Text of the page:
Flying high

THE job is to move a large bulky object into place. The trouble is there are no roads and the terrain is best described as impassable. Enter the Air-crane.
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Published in the October 2011 PNG Report magazine

Sydneysiders - particularly those who live in bushfire prone areas - would no doubt be familiar with the Erickson Air-crane.

After all, "Elvis" has played a key part in saving many a home from bushfires.

One of the benefits these aircraft bring to the firefighting arena is their ability to draw water from just about any source. Rivers, dams and even swimming pools can be a water source.

So too would those who happened to catch the early 2000s movie Swordfish. The Air-crane took part in the "bus lift" scene towards the end of the film.

Despite their lifesaving and film starring roles, the Air-cranes are carving a niche for themselves in industries where terrain is a problem.

Or perhaps it is matters of environmental impact that a company is trying to assuage. With companies increasingly trying to secure their social licence to operate, being able to avoid cutting a road through pristine forest could be in their favour.

There are two models of Air-crane, the S64-E and the S64-F, with the F being the larger of the two. The Elvis firefighting unit that has been used in Australia is an F model.

They can lift up to 9 and 11 tonnes respectively. The S-64E has a maximum range of 453 kilometres while the S-64F can travel 444km before having to refuel.

More importantly, however, these aircraft can position their loads extremely precisely.

They have been used, for example, to put a flare tip in place - not an easy undertaking by any means.

This precision comes from the fact that the cranes come with a "loadmaster" position. The person in this position has some slight control of the aircraft's positioning. They are able to make the fine adjustments necessary to put the load exactly where it needs to go.

Erickson Air-crane business operations manager Tim Stinson said a load could be placed "within centimetres" of the target.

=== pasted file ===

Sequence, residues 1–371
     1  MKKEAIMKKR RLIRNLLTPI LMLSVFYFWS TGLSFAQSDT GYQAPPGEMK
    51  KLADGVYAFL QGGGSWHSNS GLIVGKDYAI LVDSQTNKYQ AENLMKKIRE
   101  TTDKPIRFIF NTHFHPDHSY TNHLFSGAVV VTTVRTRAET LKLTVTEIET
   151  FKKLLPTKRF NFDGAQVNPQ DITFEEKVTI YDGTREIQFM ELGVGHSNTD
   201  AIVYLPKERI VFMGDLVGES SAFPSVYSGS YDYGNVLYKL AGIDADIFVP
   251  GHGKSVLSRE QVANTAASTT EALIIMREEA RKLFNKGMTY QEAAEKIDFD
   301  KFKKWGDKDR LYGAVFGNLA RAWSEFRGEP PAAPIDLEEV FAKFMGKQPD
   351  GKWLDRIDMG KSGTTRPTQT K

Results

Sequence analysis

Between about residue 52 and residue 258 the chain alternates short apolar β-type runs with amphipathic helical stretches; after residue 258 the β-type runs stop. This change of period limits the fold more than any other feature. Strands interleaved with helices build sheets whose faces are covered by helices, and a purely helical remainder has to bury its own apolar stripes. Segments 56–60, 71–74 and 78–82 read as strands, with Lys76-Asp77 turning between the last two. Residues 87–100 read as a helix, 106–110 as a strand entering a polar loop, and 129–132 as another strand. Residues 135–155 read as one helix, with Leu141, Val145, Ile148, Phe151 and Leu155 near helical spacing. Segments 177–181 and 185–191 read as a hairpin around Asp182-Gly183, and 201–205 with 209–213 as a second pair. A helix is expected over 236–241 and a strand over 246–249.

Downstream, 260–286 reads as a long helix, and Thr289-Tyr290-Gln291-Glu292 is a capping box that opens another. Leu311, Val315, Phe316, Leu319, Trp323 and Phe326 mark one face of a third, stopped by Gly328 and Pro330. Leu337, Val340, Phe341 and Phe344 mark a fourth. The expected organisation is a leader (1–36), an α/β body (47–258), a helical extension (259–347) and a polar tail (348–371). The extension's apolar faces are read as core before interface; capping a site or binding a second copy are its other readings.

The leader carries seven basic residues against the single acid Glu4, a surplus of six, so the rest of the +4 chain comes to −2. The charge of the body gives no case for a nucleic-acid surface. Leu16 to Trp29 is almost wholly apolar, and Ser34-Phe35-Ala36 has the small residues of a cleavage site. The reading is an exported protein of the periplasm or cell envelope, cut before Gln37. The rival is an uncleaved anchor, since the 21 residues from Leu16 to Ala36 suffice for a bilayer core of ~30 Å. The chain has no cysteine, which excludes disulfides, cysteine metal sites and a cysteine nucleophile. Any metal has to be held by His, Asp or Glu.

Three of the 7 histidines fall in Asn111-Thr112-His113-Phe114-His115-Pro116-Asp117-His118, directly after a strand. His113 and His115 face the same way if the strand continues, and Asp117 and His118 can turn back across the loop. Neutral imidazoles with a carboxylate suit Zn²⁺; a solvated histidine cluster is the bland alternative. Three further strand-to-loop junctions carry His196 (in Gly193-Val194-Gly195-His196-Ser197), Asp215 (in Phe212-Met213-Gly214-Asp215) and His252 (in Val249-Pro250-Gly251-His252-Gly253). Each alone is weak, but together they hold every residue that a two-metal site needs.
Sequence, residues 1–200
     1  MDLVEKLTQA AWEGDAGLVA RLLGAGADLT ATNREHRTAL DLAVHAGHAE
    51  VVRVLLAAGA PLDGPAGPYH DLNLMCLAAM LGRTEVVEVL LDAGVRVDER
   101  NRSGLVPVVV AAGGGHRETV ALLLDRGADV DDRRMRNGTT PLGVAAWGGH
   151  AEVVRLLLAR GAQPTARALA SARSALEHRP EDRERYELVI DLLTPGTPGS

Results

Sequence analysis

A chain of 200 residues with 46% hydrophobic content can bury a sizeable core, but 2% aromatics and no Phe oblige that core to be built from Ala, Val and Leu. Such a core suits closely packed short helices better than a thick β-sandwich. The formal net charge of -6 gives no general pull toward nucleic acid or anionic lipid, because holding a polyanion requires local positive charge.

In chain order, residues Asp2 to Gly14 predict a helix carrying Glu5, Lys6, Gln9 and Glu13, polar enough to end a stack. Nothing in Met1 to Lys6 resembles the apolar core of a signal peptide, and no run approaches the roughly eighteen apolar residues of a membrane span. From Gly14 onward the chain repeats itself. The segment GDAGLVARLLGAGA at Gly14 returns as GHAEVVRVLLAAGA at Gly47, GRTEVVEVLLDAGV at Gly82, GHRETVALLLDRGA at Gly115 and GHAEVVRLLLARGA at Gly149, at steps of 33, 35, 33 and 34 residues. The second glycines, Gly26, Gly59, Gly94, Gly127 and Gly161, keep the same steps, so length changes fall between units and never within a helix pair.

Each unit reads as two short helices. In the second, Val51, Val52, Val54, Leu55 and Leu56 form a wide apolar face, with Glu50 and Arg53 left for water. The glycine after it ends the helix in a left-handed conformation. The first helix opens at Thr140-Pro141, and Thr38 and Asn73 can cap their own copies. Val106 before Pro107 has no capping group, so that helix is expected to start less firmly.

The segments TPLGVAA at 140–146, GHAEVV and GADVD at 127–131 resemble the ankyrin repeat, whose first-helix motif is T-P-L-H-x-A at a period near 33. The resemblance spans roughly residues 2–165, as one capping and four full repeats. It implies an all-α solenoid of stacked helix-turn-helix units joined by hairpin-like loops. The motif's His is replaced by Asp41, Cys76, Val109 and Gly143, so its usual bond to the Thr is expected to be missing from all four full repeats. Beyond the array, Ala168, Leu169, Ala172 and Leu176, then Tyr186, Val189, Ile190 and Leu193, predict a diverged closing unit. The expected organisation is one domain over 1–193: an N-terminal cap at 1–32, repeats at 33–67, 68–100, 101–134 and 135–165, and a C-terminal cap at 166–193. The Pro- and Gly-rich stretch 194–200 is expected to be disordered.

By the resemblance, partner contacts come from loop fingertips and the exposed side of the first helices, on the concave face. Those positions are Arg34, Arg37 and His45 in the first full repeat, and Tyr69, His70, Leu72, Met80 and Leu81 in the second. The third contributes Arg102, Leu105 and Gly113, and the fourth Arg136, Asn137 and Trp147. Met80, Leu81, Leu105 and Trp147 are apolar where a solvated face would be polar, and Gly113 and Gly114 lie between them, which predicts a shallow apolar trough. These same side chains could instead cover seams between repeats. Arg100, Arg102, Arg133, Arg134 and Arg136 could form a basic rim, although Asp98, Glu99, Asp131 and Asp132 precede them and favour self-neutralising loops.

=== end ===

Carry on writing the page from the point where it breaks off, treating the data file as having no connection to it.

"The fact we can put a flare tip in place gives you an idea of the tolerances," he said.

Stinson said the company was keen to break into the Papua New Guinean market.

It has dealt with similar terrain in Peru.

Indeed, the Air-crane - in this instance the client opted for an F model - was chosen for environmental concerns.

It was not so much the vegetation the Peruvian government was worried about disturbing, but rather a native tribe that has had little contact with the outside world.

The concern was that, had a road been cut through to the site, this tribe could have been affected by the passing traffic.

"In Peru about 97% of their work is through the air," Stinson said.

"Besides environmental access concerns, using one of these [Aircranes] can help minimise an operation's environmental footprint."

The company also has developed a vacuum lift system that it has applied to moving various pieces of equipment, including sections of pipeline.

The benefit of this system is safety. It removes the need for a rigger to help fit lifting apparatus around whatever has to be moved.

All that is needed is for the helicopter to hover over its load. The vacuum system is deployed and simply sticks to whatever has to be shifted. It is strong enough to hold the load for the duration of the flight.

The Air-crane has been giving good service on a job for Petronas, shifting lengths of pipeline. Those pipeline pieces weigh in at more than 5.4t.

Stinson said one of the benefits the Air-crane had was its ability to fly up and fly down quickly.

"At one point we held the record for climbing to 10,000 feet [3048m]," Stinson said.

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